Adolescents in humanitarian action
During conflicts, disasters and protracted crises, the rights and needs of adolescents can be overlooked to devastating effect. So can their contributions.
During conflicts, natural disasters and other humanitarian emergencies, adolescents shoulder immense burdens.
They can be found on the frontlines of response efforts, protecting their communities and environments. Many are forced to drop out of school to help care and provide for their families. Others are cut off from education – and basic needs like health, nutrition, protection, water and sanitation – due to conflict and natural disasters.
Today, more countries are embroiled in fighting than at any time in the past 30 years, leaving adolescents extremely vulnerable to violence, abuse and exploitation. Girls in humanitarian settings may face pressure to marry from families desperate to secure their safety and survival. They are also at increased risk of sexual violence, while boys suffer the dangers of forced recruitment by armed groups.
For displaced adolescents, threats surge. Separated from their homes and sometimes their families, adolescents on the move become vulnerable to trafficking and detention. Those already disadvantaged by poverty or discrimination – perhaps due to disability or ethnicity – are most at risk.
“We arrive in an unknown land, with unknown people and an unknown language. We should not be judged or seen as a threat. Our only differences are the circumstances in which we grow.”
Through it all, the needs of adolescents affected by crisis are often overlooked. Worse, they are sometimes seen as threats or burdens to their host communities, rather than positive agents of change.
How adolescents fare in emergencies has a staggering effect on their psychological and social development. And because today’s generation is larger than ever, their resilience has consequences for the future of entire countries.
Investing in adolescents in humanitarian action
In all stages of humanitarian action, adolescents have much to contribute. Their knowledge on social dynamics and man-made disasters – like flooding, erosion, pollution, disease outbreak and more – helps countries prepare for, respond to, and recover from crises. And their firsthand experience of emergencies can bring nation-wide solutions for resilience, stability and peacebuilding.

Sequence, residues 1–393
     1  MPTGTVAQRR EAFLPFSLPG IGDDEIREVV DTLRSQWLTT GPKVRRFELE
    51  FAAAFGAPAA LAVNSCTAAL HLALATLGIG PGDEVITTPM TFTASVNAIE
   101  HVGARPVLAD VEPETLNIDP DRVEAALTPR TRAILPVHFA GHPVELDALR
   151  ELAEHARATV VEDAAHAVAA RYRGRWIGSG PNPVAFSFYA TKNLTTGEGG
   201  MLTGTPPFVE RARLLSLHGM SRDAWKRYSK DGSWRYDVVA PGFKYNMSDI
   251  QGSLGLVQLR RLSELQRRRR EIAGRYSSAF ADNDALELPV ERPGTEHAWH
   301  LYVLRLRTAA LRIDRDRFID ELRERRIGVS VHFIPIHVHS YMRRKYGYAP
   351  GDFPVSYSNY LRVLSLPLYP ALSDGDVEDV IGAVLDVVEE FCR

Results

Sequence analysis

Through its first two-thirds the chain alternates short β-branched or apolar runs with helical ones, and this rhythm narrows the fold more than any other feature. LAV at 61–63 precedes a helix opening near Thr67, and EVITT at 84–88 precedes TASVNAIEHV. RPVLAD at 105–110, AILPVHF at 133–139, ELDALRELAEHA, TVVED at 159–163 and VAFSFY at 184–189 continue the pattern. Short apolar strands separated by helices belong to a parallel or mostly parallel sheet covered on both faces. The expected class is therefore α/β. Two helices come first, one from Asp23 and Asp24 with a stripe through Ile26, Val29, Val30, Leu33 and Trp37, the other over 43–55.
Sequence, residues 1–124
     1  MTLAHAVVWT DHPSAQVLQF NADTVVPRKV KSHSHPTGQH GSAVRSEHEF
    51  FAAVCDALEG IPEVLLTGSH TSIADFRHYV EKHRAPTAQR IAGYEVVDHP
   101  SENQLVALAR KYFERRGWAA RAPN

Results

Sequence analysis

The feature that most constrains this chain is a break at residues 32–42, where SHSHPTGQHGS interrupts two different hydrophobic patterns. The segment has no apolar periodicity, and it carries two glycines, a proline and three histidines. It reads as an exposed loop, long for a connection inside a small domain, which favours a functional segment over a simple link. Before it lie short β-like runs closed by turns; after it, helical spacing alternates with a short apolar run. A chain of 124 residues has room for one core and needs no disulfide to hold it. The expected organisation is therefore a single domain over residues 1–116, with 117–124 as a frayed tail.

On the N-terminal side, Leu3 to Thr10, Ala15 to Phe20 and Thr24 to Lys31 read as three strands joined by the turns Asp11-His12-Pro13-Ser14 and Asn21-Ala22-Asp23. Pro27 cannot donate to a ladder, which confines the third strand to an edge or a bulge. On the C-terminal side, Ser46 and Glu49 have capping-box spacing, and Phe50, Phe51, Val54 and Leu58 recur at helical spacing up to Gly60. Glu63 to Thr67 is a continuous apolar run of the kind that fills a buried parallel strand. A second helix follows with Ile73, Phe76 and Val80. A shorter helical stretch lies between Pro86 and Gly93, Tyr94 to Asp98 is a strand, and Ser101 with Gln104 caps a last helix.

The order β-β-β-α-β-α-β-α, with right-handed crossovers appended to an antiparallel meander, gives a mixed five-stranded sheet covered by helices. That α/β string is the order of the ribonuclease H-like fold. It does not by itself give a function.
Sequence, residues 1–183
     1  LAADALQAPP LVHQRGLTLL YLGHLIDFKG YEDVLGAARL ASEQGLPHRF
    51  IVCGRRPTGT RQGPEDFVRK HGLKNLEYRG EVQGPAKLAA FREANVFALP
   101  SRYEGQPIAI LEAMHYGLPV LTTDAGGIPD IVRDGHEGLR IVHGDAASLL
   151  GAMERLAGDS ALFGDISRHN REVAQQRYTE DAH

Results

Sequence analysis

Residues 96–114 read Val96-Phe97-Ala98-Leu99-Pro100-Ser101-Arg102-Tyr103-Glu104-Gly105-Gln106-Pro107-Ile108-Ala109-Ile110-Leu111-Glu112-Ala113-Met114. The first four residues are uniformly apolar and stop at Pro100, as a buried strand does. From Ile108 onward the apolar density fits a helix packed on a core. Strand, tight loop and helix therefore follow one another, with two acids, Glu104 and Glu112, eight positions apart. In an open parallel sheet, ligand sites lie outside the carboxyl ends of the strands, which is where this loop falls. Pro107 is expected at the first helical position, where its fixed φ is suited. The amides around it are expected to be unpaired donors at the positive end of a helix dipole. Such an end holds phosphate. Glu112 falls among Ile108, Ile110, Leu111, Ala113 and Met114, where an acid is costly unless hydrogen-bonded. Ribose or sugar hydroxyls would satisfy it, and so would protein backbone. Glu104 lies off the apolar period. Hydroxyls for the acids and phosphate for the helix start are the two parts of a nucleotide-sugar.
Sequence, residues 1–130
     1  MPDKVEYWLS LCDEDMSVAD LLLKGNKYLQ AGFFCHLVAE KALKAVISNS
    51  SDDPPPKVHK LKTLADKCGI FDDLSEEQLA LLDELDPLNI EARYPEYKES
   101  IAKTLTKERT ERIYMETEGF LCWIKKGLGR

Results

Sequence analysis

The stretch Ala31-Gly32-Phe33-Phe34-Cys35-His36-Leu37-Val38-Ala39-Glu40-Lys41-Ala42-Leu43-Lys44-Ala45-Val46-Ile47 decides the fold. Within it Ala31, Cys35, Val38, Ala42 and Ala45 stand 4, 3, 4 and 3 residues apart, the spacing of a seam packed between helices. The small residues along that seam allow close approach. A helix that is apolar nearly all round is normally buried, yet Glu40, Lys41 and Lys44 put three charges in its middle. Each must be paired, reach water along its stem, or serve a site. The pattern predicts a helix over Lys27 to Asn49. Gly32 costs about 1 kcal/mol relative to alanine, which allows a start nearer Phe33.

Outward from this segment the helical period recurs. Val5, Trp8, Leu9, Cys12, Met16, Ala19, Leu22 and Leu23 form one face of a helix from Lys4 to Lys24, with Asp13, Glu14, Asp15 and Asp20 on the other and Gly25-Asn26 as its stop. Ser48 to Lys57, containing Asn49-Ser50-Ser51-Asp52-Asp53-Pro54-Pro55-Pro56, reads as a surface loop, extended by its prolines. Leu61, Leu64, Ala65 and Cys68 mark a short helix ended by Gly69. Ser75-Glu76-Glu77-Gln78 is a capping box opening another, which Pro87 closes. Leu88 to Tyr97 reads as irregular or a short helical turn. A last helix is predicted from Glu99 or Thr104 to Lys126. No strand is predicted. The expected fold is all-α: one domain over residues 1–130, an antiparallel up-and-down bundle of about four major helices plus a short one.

When crises strike, UNICEF delivers services to meet adolescents’ immediate needs in the following areas:
To ensure adolescents affected by crisis do not miss out on education, UNICEF supports continued formal and non-formal learning opportunities, as well as skills development programmes and alternative learning through art and expression. We also invest in psychosocial services that help adolescents cope with trauma and contribute to peace- and resilience-building.
Health, well-being and nutrition
UNICEF helps keep adolescents connected to essential health care, including medical screening, nutrition services, social inclusion and sexual and reproductive health rights programmes, as well as activities that support mental health like sports and psychological first aid. We also support adolescents with safely managed water, sanitation and hygiene facilities, and with menstrual health and hygiene management.
UNICEF helps build the capacity of frontline responders and health workers so that they can identify and mitigate risks to adolescents. We help adolescents access appropriate protection-related services, especially those that address gender-based violence, such as safe spaces. For adolescents who are on the move and alone, we support care arrangements and other alternatives to detention.
Civic engagement and participation
UNICEF equips adolescents with the information, skills and support they need to become active partners in humanitarian action. This means soliciting and incorporating their views on preparedness, response, recovery and peacebuilding efforts, and ensuring their meaningful participation across the humanitarian programme cycle.
UNICEF works with partners to engage adolescents in peacebuilding, including efforts to address the underlying causes of conflict, to strengthen social cohesion – especially between host and refugee communities – to reintegrate migrants, and to support conflict resolution.
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